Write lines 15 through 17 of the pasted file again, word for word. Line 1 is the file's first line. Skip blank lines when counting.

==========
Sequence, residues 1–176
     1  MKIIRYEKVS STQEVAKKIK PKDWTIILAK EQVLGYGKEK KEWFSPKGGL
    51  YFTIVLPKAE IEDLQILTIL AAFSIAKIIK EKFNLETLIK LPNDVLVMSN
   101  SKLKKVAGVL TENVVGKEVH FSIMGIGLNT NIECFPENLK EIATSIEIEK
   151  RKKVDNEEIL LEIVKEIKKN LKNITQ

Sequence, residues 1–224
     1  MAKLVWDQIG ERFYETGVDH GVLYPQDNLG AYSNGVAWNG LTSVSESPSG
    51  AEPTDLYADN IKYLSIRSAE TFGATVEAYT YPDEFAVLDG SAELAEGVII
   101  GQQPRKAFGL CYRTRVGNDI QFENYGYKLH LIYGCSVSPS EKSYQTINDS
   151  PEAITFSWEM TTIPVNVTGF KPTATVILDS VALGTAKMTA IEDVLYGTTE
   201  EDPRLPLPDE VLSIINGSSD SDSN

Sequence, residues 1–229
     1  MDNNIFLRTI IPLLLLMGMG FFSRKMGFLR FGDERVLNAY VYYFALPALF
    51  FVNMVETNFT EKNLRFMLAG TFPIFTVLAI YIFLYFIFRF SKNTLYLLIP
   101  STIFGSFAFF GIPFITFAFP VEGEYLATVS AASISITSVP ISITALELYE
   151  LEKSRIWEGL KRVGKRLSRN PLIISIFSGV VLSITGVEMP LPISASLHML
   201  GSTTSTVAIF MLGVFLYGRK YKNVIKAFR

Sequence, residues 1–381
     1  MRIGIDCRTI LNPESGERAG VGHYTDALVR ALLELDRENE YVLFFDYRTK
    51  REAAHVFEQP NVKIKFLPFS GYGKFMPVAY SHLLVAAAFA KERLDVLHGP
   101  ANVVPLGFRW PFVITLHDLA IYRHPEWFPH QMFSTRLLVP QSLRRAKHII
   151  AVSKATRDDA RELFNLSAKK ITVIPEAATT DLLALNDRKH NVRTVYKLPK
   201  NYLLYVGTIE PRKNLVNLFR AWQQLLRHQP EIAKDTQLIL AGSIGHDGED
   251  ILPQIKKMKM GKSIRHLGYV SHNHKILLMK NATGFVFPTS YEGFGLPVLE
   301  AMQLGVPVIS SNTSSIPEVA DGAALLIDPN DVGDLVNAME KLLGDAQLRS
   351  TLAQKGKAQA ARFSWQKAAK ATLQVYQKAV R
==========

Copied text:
   101  STIFGSFAFF GIPFITFAFP VEGEYLATVS AASISITSVP ISITALELYE
   151  LEKSRIWEGL KRVGKRLSRN PLIISIFSGV VLSITGVEMP LPISASLHML
   201  GSTTSTVAIF MLGVFLYGRK YKNVIKAFR